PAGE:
A new study co-authored by Boston University Assistant Professor of Psychology Peter Blake finds that young children endorse fairness norms related to sharing, but often act in contradiction to those norms when given a chance to share.
This phenomenon has rarely been explored in the context of a single study. Using a novel approach, the researchers presented clear evidence of this discrepancy and go on to examine possible explanations for its diminution with age. In one part of the study, three-to-eight-year-old children readily stated that they themselves should share equally, asserted that others should as well, and predicted that others had shared equally with them. Nevertheless, children failed to engage in equal sharing until ages seven to eight.
In another part of the study, seven-to-eight-year-olds correctly predicted that they would share equally, and three-to-six-year-olds correctly predicted that they would favor themselves, ruling out a failure-of-willpower explanation for younger children's behavior. Similarly, a test of inhibitory control failed to explain the shift with age toward adherence to the endorsed norm. The data suggest that, although three-year-olds know the norm of equal sharing, the weight that children attach to this norm increases with age when sharing involves a cost to the self.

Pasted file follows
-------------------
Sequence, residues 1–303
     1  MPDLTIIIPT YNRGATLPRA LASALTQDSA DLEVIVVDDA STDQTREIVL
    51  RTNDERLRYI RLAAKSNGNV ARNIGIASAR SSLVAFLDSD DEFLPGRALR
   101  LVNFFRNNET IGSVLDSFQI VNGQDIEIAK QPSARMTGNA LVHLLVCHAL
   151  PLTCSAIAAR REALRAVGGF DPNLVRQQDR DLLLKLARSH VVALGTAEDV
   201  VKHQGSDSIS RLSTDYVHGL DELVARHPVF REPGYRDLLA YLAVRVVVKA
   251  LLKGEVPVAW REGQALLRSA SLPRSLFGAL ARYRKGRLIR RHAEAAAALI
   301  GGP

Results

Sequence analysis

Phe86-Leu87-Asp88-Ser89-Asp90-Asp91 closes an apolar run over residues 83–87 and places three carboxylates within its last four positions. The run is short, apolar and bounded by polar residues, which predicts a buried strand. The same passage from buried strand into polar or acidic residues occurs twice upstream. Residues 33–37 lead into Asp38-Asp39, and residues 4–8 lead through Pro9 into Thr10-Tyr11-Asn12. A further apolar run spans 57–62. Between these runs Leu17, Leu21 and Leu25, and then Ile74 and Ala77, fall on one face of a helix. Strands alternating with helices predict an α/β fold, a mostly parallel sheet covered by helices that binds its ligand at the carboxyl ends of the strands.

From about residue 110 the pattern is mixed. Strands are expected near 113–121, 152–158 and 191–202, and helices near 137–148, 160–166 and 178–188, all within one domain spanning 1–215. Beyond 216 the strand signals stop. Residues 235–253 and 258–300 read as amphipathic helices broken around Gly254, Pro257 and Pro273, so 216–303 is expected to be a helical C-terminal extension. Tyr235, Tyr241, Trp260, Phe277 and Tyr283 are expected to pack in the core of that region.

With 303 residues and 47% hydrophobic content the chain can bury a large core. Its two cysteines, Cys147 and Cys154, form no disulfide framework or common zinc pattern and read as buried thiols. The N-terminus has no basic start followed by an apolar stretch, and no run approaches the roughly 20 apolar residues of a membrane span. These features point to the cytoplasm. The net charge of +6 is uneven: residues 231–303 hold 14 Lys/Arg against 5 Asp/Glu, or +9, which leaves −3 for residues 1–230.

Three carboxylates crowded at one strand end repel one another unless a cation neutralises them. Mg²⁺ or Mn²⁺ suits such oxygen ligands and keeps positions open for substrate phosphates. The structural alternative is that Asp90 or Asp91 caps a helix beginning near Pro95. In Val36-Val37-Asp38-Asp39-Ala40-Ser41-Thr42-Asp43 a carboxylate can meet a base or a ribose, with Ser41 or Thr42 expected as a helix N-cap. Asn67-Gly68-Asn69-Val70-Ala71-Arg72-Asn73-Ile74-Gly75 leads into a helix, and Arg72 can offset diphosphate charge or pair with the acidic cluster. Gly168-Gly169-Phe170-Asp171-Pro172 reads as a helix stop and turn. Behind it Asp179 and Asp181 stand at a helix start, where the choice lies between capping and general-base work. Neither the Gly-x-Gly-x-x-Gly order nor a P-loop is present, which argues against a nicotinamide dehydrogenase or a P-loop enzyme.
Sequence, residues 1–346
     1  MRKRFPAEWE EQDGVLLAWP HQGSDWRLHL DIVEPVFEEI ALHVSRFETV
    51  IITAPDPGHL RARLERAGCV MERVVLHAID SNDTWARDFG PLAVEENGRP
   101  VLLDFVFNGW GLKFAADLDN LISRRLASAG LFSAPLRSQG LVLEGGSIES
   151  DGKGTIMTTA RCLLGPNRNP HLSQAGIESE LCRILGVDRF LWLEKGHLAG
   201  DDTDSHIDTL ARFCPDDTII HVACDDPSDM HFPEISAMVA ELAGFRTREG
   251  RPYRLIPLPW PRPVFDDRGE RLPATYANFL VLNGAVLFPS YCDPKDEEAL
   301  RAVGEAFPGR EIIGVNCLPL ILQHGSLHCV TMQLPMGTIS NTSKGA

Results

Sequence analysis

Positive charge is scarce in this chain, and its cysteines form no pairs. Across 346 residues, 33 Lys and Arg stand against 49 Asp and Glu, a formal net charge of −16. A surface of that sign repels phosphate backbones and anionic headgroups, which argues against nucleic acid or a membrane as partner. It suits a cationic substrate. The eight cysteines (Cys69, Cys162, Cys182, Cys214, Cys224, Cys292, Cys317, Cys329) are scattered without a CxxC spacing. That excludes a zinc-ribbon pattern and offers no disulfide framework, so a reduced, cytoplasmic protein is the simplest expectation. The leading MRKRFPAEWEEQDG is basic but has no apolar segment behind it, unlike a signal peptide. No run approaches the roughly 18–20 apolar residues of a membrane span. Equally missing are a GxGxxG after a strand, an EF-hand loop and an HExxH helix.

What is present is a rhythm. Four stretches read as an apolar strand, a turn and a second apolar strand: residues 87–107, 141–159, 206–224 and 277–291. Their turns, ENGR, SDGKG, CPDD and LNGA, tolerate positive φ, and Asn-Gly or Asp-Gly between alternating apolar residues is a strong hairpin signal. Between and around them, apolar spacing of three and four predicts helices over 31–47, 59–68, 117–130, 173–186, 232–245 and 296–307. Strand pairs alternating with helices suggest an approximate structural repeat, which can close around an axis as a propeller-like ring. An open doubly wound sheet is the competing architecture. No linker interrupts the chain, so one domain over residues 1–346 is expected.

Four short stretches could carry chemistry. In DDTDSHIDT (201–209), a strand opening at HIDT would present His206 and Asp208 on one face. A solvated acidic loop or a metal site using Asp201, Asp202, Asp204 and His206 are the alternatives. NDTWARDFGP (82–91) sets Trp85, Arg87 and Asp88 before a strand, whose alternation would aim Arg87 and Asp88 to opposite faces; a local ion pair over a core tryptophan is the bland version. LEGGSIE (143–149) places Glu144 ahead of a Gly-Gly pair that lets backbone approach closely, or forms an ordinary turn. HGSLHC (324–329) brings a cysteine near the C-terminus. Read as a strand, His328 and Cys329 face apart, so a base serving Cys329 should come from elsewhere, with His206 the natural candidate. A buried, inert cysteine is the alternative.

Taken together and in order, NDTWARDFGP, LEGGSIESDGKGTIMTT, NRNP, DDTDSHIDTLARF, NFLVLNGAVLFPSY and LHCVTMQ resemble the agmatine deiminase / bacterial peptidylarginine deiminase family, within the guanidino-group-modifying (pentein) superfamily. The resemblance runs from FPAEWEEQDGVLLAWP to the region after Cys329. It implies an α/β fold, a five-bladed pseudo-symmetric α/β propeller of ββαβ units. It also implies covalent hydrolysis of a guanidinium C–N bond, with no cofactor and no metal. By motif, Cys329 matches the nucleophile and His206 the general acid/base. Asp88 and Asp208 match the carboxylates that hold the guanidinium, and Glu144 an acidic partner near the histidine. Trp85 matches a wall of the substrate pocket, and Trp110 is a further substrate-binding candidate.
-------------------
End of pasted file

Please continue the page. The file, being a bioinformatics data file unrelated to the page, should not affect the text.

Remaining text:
- Craig E. Smith, Peter R. Blake, Paul L. Harris. I Should but I Won’t: Why Young Children Endorse Norms of Fair Sharing but Do Not Follow Them. PLoS ONE, 2013; 8 (3): e59510 DOI: 10.1371/journal.pone.0059510
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